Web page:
1834, Naples & Sicily, Ferdinand II. Large Silver Scudo (120 Grana) Coin. XF+
Mint Year: 1834
Denominations: Scudo (120 Grana).
Reference: Davenport 172, KM-C#153.
Condition: Struck with broken (and lightly deformed) dies, weight adjusting marks in reverse, numerous tiny digs in obverse, otherwise XF-AU!
Obverse: Head of Ferdinand II of Bourbon as King of the Two Sicilies right.
Legend: FERDINANDVS II DEI GRATIA REX 1834
Reverse: Crowned shield of the Latin Kingdom of the Two Sicilies and Jerusalem.
Legend: REGNI VTR. - SIC ET HIE. G.120
Authenticitcy unconditionally guaranteed.
Ferdinand II (Ferdinando Carlo, January 12, 1810 – May 22, 1859) was the King of the Two Sicilies from 1830 until his death.
Ferdinand was born in Palermo, the son of King Francis I of the Two Sicilies and his wife and first cousin Maria Isabella of Spain.
His paternal grandparents were King Ferdinand I of the Two Sicilies and Queen Marie Caroline of Austria. His maternal grandparents were Charles IV of Spain and Maria Luisa of Parma.
Ferdinand I and Charles IV were brothers, both sons of Charles III of Spain and Maria Amalia of Saxony.
In his early years he was fairly popular. Progressives credited with Liberal ideas and in addition, his free and easy manners endeared him to the so-called lazzaroni, the lower classes of Neapolitan society.
On succeeding to the throne in 1830, he published an edict in which he promised to give his most anxious attention to the impartial administration of justice, to reform the finances, and to use every effort to heal the wounds which had afflicted the Kingdom for so many years. His goal, he said, was to govern his Kingdom in a way that would bring the greatest happiness to the greatest number of his subjects while respecting the rights of his fellow monarchs and those of the Roman Catholic Church.
The early years of his reign were comparatively peaceful: he cut taxes and expenditures, had the first railway in Italy built (between Naples and the royal palace at Portici), his fleet had the first steamship in the Italian Peninsula, and he had telegraphic connections established between Naples and Palermo (Sicily).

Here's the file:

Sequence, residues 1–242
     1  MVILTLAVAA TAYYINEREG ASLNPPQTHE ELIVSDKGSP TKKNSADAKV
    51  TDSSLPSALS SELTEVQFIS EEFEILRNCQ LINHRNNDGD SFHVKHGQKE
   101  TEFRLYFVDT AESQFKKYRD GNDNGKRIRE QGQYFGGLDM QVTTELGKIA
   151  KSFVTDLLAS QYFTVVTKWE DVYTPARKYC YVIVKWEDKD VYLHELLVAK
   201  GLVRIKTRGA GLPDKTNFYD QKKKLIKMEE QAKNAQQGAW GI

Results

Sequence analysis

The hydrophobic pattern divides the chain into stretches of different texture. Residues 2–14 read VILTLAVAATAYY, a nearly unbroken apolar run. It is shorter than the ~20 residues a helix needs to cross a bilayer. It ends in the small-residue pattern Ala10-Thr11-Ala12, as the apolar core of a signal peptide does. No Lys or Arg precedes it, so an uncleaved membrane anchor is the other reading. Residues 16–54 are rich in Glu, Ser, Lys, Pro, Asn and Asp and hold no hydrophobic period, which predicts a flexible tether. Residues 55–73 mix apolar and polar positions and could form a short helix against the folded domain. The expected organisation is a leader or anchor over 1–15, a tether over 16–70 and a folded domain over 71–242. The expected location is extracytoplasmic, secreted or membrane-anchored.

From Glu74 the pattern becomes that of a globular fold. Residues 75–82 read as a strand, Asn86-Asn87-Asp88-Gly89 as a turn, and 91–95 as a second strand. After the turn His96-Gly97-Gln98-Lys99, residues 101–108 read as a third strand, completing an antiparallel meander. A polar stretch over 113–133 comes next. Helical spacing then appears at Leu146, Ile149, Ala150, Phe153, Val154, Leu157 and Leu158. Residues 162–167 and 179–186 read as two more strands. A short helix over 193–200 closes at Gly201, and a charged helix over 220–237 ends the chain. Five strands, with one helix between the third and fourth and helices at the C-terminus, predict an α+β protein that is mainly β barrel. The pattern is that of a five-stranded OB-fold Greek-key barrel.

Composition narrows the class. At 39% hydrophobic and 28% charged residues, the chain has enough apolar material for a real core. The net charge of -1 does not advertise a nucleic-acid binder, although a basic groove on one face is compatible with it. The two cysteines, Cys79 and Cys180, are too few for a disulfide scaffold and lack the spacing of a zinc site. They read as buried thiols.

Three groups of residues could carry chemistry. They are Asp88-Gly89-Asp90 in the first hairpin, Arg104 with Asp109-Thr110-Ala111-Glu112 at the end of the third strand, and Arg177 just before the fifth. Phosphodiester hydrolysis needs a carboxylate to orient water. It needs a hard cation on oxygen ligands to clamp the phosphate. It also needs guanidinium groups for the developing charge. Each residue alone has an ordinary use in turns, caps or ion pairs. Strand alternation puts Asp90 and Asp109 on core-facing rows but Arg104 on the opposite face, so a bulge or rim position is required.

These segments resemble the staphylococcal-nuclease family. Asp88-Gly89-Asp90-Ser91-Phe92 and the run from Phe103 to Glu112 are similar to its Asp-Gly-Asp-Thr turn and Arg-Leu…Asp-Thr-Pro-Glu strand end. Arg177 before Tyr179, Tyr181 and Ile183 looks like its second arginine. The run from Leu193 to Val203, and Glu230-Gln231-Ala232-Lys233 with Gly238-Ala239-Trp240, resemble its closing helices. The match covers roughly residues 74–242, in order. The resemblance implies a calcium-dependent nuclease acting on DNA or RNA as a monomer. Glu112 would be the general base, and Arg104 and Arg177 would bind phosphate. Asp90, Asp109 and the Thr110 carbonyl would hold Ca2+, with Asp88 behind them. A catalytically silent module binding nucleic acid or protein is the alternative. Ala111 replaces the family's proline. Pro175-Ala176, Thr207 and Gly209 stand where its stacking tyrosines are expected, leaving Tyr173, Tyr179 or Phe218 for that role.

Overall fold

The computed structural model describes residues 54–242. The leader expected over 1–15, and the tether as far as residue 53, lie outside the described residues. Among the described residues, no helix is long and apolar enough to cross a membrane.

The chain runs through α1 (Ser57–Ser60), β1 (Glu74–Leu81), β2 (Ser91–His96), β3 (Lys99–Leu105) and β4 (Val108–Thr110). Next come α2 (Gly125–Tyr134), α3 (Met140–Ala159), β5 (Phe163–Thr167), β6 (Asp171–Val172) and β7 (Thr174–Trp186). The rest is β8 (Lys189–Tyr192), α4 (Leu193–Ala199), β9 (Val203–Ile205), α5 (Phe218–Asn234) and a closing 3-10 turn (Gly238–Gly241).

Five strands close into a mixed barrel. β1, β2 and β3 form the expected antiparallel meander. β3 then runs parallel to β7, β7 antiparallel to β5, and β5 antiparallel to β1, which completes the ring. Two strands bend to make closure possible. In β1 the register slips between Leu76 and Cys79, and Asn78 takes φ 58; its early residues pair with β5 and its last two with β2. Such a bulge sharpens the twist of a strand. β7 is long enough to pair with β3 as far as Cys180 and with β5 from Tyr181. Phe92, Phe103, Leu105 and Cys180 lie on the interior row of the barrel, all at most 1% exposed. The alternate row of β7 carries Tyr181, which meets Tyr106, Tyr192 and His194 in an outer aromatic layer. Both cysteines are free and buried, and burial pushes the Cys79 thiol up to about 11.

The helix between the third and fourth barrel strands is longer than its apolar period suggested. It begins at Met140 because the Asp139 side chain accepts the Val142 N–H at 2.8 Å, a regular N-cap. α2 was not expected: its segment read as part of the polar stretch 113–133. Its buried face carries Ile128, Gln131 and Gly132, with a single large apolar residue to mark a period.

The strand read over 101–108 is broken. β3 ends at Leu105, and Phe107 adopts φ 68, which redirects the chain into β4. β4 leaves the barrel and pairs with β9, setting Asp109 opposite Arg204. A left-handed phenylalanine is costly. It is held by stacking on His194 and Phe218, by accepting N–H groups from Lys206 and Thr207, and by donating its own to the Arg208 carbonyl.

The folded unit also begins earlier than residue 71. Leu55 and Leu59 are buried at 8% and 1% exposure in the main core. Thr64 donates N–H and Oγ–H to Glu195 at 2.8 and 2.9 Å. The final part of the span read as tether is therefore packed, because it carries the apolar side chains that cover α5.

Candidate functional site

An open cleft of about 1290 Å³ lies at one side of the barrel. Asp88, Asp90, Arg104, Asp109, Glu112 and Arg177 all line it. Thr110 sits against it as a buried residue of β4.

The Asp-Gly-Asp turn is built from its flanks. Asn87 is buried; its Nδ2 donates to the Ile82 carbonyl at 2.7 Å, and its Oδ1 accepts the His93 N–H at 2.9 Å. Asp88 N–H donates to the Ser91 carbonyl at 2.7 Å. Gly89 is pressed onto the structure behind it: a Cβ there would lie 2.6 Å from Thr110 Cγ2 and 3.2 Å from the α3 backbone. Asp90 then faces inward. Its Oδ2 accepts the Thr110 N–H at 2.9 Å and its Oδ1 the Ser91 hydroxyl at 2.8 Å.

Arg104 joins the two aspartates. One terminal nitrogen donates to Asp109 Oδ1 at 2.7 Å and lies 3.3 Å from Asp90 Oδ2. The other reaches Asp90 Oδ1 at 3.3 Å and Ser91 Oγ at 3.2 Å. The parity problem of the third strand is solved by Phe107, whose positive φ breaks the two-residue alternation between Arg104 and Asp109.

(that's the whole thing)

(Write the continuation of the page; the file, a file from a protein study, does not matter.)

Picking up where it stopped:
However, in 1837 he violently suppressed Sicilian demonstrators demanding a constitution and maintained strict police sureveillance in his domains. Progressive intellectuals, who were motivated by visions of a new society founded upon a modern constitution, continued to demand for the King to grant a constitution and to liberalize his rule.
In September 1847, violent riots inspired by Liberals broke out in Reggio Calabria and in Messina and were put down by the military. On January 12, 1848 a rising in Palermo, Sicily, spread throughout the island and served as a spark for the Revolutions of 1848 all over Europe.
After similar revolutionary outbursts in Salerno, south of Naples, and in the Cilento region which were backed by the majority of the intelligentsia of the Kingdom, on January 29, 1848 King Ferdinand was forced to grant a constitution patterned on the French Charter of 1830.
A dispute, however, arose as to the nature of the oath which should be taken by the members of the chamber of deputies. As an agreement could not be reached and the King refused to compromise, riots continued in the streets. Eventually, the King ordered the army to break them and dissolved the national parliament on March 13, 1849. Although the constitution was never formally abrogated, the King returned to reigning as an absolute monarch.
During this period, Ferdinand showed his attachment to Pope Pius IX by granting him asylum at Gaeta. The pope had been temporarily forced to flee from Rome following similar revolutionary disturbances. (see Roman Republic (19th century), Giuseppe Mazzini.
Meantime Sicily proclaimed its independence under the leadership of Ruggeru Sèttimu, who on April 13, 1848 declared the King deposed. In response, the King assembled an army of 20,000 under the command of General Carlo Filangieri and dispatched it to Sicily to subdue the Liberals and restore his authority. A naval flotilla sent to Sicilian waters shelled the city of Messina with "savage barbarity" for eight hours after its defenders had already surrendered, killing many civilians and earning the King the nickname "Re` Bomba" ("King Bomb").
After a campaign lasting close to nine months, Sicily's Liberal regime was completely subdued on May 15, 1849.
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